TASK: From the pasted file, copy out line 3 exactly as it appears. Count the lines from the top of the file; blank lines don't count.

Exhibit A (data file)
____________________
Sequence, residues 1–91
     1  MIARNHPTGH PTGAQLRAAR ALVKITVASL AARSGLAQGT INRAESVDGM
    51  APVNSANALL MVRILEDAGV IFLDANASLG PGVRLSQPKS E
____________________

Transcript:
    51  APVNSANALL MVRILEDAGV IFLDANASLG PGVRLSQPKS E